A colon (large intestine) examination is done during a colonoscopy using a colonoscope, a flexible tube with a camera at one end. It is an important screening tool for detecting colon cancer and other conditions, such as inflammatory bowel disease. However, despite its importance, many myths and misconceptions about colonoscopies can deter people from getting screened.
This article will debunk some of the most common myths about colonoscopies.
Myth #1: Colonoscopies are painful
Many people fear colonoscopies are painful, but this is not necessarily true. While discomfort or cramping may be experienced during the procedure, most people report it is not painful. Many people are sedated during the procedure to help them relax and reduce any discomfort.
Myth #2: Colonoscopies are embarrassing
Some people are reluctant to get a colonoscopy because they are embarrassed about the procedure. However, it is essential to remember that colonoscopies are routine medical procedures performed by trained professionals sensitive to your comfort and privacy.
Myth #3: Colonoscopies are only for older people
While colon cancer is more common in older people, it can occur at any age. According to current recommendations, people should start having colon cancer screenings at age 45 or earlier if they have certain risk factors. Early and frequent screenings can aid in the early detection of colon cancer when it is most treatable.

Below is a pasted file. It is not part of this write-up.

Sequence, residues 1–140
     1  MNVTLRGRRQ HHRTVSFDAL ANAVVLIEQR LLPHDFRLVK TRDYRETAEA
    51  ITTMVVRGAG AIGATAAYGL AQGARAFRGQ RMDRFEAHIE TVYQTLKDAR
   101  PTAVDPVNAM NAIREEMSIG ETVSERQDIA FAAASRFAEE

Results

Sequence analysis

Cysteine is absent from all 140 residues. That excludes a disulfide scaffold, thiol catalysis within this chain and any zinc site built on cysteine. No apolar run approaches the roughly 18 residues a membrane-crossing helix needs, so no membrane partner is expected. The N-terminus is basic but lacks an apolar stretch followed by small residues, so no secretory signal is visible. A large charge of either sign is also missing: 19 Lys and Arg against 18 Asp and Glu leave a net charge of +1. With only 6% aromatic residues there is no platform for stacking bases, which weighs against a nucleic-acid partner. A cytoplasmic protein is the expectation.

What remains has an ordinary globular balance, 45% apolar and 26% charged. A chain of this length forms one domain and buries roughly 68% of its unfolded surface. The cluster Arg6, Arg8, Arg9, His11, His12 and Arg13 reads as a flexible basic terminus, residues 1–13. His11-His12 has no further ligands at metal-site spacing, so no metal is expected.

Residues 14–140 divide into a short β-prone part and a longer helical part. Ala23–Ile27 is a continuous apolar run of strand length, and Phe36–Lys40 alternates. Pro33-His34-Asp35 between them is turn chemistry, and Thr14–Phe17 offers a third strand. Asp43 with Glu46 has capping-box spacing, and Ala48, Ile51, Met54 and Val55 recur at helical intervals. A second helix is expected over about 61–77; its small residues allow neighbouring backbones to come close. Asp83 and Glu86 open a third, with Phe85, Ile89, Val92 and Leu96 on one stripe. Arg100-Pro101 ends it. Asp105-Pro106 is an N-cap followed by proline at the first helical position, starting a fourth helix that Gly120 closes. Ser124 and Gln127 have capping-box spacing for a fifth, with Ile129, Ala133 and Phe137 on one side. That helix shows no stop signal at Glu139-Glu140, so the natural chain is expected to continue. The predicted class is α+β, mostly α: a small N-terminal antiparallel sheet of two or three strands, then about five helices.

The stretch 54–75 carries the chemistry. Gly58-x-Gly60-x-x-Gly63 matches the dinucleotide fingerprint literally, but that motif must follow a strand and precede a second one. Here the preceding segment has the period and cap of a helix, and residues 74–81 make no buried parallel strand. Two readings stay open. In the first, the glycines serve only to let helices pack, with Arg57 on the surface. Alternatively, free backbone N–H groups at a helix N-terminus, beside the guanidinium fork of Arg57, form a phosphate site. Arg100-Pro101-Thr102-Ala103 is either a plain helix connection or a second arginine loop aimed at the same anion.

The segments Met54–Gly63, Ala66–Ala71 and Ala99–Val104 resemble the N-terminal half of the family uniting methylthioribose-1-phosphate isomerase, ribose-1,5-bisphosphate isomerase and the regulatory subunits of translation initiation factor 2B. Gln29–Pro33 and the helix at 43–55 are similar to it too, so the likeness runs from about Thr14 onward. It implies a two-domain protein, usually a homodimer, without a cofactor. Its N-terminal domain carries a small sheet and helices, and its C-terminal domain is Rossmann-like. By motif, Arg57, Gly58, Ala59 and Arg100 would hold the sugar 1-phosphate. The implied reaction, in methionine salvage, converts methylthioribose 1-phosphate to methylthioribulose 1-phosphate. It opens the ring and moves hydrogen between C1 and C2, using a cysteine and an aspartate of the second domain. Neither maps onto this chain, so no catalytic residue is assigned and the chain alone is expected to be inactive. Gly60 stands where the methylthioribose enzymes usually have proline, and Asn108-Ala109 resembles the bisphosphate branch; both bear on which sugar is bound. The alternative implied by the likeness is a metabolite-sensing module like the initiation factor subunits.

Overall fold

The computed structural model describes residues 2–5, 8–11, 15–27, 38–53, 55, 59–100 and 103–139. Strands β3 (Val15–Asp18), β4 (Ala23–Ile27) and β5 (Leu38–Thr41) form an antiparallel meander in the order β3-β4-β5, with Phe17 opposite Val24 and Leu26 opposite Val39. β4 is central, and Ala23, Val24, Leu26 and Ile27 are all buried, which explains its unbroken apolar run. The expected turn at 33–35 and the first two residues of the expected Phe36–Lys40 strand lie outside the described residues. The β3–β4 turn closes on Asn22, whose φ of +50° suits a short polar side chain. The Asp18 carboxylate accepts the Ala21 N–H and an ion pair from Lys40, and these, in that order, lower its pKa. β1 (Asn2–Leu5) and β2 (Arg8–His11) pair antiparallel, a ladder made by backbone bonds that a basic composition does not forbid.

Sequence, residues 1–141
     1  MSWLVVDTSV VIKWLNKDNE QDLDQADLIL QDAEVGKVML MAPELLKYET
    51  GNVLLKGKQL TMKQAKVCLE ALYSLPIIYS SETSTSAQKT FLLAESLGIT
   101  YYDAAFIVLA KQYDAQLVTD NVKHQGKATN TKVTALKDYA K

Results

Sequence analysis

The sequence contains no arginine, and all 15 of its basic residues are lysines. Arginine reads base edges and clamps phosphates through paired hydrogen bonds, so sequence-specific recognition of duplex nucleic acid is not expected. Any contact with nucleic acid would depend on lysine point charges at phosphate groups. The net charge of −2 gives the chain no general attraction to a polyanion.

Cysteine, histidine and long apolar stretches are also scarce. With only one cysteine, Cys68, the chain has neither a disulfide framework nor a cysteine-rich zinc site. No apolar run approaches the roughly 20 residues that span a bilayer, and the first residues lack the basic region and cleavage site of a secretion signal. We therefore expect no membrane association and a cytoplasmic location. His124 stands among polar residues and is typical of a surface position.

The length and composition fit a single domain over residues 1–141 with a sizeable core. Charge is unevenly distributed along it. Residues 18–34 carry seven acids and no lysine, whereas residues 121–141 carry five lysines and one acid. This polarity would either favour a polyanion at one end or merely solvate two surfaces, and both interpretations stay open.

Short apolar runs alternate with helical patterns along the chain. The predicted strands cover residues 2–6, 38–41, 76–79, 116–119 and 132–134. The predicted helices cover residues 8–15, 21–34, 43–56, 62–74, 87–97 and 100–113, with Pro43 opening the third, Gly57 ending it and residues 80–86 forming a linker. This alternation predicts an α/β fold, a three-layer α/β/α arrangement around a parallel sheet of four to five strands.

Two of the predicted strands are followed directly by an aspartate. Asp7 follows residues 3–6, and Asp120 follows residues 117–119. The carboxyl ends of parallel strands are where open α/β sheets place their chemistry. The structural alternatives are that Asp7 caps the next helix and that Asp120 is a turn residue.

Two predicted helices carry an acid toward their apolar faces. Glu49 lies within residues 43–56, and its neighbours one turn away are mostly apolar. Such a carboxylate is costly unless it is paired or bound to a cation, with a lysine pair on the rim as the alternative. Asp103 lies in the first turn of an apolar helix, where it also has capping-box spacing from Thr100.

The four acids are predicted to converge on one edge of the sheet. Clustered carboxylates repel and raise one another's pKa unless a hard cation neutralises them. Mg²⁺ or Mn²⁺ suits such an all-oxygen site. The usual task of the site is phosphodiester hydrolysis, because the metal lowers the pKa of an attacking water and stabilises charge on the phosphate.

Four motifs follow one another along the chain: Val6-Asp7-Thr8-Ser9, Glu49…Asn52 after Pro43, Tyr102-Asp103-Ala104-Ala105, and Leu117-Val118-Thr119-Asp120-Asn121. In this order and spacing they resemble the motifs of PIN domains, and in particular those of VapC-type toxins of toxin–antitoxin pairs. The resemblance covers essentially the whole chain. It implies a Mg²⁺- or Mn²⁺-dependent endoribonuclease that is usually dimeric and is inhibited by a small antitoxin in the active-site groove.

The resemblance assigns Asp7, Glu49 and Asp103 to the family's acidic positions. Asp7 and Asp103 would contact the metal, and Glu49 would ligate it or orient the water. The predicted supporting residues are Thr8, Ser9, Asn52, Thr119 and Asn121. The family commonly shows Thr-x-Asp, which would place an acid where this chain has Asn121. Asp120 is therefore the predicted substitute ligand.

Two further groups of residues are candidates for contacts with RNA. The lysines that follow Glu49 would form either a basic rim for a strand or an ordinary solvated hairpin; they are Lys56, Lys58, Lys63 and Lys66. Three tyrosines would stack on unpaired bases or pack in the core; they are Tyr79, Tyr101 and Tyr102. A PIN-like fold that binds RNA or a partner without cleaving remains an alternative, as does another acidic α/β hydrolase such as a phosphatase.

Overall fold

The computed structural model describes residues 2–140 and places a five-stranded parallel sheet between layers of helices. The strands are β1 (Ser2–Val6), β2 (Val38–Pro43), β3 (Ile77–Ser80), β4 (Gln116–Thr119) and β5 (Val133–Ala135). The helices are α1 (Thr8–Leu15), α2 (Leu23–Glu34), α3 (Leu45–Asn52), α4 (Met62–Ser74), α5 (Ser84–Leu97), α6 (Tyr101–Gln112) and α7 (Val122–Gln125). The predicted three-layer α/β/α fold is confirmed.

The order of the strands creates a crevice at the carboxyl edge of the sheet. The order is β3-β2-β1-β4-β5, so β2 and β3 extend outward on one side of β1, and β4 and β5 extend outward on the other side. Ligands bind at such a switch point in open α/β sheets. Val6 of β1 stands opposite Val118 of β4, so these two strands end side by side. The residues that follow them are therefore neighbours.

Myth #4: I don’t have any symptoms, so I don’t need a colonoscopy
Colon cancer can develop without symptoms, so regular screening is so important. A colonoscopy can help detect precancerous polyps or early-stage cancer, which can be removed or treated before progressing to a more advanced stage.
Myth #5: Colonoscopies are not effective
Colonoscopies are considered one of the most effective screening tools for detecting colon cancer and other conditions. During the procedure, the colonoscope examines the entire colon for abnormalities, such as polyps or tumors. If any abnormalities are found, they can be biopsied or removed during the procedure. This can help prevent colon cancer from developing or detect it early when it is more treatable.
Myth #6: I have to take time off work for a colonoscopy
While a colonoscopy does require some preparation and recovery time, it is typically a relatively quick procedure. Most people can resume regular activities the following day after the operation, typically lasting 30 to 45 minutes.
Colonoscopies are a reliable and safe screening method for finding problems like colon cancer. To dissuade people from getting screened, myths and misconceptions about colonoscopies must be distinguished from actuality. If you need a colonoscopy, discuss your worries with your doctor and how to prepare for the surgery. Remember that routine screenings can aid in the early detection of colon cancer when it is most curable.